Right - here is the other concern. These works are available only in something like three manuscripts or families of manuscripts that have been found which all subtly differ from one another. So I am hoping that this edition (which is still in the mail to me at this time, I just thought I would ask about the copyrighting now anyway) clearly marks which manuscript has which sections so that I could do a public-domain translation (either by following one manuscript or by marking variants). I would of course love to get ahold of the originals but that is unlikely to ever happen, sadly, unless I ever meet someone with better connections than mine! I doubt that my own requests to see the originals would be heeded.Mad2Physicist (talk) 09:14, 1 January 2010 (UTC)
We have plenty of works for which we wish the provenance was better, or clearer. If the provenance of individual sections is not as clear as you would like, but you're still willing to go to the trouble of translating them, we're still happy to host them. Hesperian 11:25, 1 January 2010 (UTC)
Ok, well I am going to translate them anyway for my own use, so, when I get that done, I will post them and if anyone finds a problem then they can always be removed. I don't think it will be an issue, however. It looks to me like it is "very likely" that the translation would be my intellectual property. Thanks for the advice.Mad2Physicist (talk) 02:49, 2 January 2010 (UTC)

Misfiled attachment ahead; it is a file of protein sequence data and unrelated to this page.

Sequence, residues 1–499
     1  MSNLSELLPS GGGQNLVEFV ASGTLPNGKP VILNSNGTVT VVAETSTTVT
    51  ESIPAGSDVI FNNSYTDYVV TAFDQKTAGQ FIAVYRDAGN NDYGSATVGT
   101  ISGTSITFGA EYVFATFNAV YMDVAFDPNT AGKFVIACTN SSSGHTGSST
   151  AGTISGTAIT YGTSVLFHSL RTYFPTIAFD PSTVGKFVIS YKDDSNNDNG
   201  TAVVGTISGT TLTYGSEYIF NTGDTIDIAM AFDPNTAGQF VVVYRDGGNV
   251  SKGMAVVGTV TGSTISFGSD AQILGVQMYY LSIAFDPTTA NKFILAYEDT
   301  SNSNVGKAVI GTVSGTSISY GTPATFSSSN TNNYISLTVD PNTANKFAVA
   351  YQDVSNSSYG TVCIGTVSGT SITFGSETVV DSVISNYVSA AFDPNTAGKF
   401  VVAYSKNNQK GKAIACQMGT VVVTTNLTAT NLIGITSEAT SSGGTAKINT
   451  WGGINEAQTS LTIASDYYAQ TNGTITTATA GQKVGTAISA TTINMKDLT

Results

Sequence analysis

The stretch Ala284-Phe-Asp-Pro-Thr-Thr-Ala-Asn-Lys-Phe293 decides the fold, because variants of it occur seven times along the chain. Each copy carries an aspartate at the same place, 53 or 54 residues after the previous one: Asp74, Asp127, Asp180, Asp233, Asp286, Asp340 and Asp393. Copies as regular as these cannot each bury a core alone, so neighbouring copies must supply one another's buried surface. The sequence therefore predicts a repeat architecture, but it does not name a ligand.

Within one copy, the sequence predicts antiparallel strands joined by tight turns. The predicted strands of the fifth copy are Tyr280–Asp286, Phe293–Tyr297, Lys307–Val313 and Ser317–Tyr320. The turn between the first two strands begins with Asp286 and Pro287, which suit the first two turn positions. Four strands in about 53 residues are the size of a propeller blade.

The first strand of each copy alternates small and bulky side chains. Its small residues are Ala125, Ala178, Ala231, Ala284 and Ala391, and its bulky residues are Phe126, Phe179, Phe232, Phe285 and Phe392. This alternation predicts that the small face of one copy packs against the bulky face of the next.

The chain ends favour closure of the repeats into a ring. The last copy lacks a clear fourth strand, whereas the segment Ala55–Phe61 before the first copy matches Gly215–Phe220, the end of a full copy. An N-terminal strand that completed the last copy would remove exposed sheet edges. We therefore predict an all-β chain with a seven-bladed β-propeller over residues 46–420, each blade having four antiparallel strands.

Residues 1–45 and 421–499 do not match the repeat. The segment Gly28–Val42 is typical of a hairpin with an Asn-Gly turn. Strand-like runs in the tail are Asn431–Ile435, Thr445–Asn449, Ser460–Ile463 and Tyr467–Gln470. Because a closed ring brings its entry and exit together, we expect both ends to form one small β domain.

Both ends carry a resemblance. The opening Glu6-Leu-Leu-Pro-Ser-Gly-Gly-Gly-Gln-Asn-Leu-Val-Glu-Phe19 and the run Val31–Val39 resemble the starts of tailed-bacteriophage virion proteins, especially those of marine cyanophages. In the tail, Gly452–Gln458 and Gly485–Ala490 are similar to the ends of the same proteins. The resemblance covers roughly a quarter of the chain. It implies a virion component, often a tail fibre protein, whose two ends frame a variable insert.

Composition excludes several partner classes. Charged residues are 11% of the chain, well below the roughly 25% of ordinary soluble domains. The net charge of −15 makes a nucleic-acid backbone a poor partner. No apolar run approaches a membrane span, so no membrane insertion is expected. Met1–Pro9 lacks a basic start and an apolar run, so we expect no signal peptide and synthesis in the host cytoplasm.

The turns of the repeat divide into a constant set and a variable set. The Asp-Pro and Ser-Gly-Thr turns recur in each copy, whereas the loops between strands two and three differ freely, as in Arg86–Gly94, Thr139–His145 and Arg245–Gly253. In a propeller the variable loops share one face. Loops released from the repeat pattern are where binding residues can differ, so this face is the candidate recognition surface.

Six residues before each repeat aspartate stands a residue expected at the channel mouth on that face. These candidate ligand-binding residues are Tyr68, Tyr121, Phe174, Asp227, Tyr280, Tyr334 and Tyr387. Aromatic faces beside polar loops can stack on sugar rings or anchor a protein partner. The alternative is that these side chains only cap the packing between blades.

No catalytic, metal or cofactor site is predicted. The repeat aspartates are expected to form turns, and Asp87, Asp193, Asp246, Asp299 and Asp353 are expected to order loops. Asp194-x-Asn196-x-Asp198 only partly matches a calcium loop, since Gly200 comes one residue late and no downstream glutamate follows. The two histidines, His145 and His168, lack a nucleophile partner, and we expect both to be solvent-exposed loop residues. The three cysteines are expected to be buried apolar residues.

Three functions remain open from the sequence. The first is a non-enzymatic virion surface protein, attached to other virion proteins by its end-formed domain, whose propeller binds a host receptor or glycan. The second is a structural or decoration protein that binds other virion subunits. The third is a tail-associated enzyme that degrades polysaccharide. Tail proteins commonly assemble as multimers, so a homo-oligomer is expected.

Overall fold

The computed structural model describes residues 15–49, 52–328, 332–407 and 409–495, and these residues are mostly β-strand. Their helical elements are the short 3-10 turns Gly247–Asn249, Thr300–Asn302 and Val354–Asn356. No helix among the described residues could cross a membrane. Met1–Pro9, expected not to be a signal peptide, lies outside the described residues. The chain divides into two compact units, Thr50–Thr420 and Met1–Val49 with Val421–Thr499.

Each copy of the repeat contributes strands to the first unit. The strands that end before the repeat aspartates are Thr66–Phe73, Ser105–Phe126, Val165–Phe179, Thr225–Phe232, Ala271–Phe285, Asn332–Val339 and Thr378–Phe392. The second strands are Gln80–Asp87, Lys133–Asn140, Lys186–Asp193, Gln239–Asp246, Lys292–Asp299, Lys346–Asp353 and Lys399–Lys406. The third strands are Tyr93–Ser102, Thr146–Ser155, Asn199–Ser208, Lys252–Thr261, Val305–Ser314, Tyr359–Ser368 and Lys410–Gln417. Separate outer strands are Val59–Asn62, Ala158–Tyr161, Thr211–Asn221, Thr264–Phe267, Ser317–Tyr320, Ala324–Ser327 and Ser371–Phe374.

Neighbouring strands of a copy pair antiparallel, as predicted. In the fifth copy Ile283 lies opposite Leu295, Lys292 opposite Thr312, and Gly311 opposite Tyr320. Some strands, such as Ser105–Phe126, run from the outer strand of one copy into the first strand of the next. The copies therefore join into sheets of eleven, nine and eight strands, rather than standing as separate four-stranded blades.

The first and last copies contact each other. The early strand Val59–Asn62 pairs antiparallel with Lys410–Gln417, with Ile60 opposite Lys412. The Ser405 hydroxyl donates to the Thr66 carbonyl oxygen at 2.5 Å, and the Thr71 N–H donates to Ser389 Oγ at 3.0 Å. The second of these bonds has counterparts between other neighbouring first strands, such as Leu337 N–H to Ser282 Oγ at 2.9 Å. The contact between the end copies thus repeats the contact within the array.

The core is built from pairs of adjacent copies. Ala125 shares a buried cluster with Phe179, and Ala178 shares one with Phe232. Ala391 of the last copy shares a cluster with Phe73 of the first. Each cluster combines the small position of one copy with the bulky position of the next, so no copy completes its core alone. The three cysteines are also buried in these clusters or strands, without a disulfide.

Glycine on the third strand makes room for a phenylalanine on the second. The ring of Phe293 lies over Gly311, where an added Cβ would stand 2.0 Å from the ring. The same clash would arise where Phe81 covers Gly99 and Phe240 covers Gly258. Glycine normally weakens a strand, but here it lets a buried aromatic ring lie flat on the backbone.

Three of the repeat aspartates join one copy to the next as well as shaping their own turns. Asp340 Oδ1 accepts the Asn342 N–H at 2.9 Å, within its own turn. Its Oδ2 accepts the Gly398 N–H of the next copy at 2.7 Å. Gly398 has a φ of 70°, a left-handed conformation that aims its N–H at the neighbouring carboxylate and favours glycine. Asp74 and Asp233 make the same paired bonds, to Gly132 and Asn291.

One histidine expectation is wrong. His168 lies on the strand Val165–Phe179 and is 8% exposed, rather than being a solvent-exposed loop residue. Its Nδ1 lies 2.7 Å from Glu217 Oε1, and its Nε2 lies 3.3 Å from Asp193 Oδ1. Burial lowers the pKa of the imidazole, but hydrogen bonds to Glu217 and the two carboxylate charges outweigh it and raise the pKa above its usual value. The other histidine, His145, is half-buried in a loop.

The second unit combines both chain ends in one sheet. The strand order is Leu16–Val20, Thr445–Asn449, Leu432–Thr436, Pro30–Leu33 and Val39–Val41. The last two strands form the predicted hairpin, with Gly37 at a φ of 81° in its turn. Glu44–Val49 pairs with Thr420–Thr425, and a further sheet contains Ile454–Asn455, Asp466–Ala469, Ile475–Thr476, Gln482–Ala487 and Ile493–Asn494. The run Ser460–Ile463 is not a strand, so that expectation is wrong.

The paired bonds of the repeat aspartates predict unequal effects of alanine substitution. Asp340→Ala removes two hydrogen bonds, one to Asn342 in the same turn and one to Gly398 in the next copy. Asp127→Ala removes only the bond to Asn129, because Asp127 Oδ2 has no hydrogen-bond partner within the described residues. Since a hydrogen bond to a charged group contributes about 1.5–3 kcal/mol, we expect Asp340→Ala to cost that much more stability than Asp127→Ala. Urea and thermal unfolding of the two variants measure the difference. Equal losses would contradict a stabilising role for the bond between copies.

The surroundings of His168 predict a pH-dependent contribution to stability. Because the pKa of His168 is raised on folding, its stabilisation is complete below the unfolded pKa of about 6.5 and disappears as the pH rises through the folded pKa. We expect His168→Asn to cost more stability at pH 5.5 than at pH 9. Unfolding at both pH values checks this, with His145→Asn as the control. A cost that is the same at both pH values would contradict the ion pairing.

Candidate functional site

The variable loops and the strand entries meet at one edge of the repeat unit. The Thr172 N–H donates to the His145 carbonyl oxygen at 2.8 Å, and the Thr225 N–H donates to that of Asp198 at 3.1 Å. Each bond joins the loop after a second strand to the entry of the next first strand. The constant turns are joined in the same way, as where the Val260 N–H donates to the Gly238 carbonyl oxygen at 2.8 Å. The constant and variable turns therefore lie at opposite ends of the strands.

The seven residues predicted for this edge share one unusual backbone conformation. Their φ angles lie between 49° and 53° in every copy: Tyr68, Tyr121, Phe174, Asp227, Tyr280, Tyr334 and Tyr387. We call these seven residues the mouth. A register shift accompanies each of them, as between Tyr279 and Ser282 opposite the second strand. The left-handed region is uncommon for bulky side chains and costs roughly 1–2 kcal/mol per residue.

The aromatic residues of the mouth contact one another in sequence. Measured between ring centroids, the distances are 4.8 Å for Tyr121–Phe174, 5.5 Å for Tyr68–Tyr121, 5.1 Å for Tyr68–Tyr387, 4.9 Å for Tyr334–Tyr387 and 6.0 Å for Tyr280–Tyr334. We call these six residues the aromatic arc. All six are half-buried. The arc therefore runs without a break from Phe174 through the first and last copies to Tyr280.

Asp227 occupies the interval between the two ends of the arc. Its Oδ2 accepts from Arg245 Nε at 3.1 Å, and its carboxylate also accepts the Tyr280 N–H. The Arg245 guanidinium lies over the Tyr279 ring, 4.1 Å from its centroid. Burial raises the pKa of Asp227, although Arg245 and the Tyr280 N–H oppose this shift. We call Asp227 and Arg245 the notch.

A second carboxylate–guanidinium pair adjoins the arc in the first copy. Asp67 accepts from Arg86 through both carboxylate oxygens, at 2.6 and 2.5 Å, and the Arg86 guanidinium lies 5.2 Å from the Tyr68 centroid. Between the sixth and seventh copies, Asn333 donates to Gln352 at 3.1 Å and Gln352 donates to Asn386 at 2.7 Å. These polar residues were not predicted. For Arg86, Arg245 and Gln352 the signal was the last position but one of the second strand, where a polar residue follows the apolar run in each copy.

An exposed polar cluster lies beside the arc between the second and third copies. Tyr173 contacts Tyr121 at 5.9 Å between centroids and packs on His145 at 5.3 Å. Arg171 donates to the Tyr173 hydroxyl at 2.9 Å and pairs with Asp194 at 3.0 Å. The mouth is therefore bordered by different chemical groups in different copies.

Let me try and weigh in with my understanding of US copyright law. While in theory the US copyright on unregistered, uncopyrighted texts was eternal, I've never seen it applied to pre-modern texts, and the copyright wouldn't be the property of the university, though the "I own it" copyright claim was, is, and will continue to be made. There's no copyright on typesetting, nor I believe on orthographic changes. Critical editions are a bit more confusing; to the extent that creative choices are used in choosing between pieces of different manuscripts, it's probably copyrightable. I've never heard of translators licensing the critical text before, so despite what the uberpedantic part of my head says, it's probably best to just translate it and not worry about it. (I'd like to say that you should talk to the author, and between scholars it shouldn't be a big deal, but publishers can get real huffy.) Oh, and Paradoctor, there's a big difference between transliteration (changing alphabets on a letter by letter basis) and translation.--Prosfilaes (talk) 03:48, 2 January 2010 (UTC)

My English is bad, but not that bad! ^_^ We were talking about republishing the Latin text, not about the translation. ;) Paradoctor (talk) 04:08, 2 January 2010 (UTC)
Actually I was talking about publishing my own translation of the Latin text, although I could possibly type up the Latin as well if it were allowed and people were interested.Mad2Physicist (talk) 04:14, 5 January 2010 (UTC)
That would be transcription, unless we're using Cyrillic on la.WS now.--Prosfilaes (talk) 04:14, 2 January 2010 (UTC)
"transcription, which is a rendition of a word in a given script, based on the word's sound rather than as a process of converting of one script into another", Transcription shares this view. Paradoctor (talk) 04:34, 2 January 2010 (UTC)
Hm? Transcription says that transcription "can also mean the conversion of a written source into another medium, as by scanning books and making digital versions."--Prosfilaes (talk) 00:50, 3 January 2010 (UTC)
Sure, but how does that contradict the idea that producing an electronic version of a Latin manuscript is a transliteration process? This almost feels like the vis viva controversy. ;) Paradoctor (talk) 22:57, 3 January 2010 (UTC)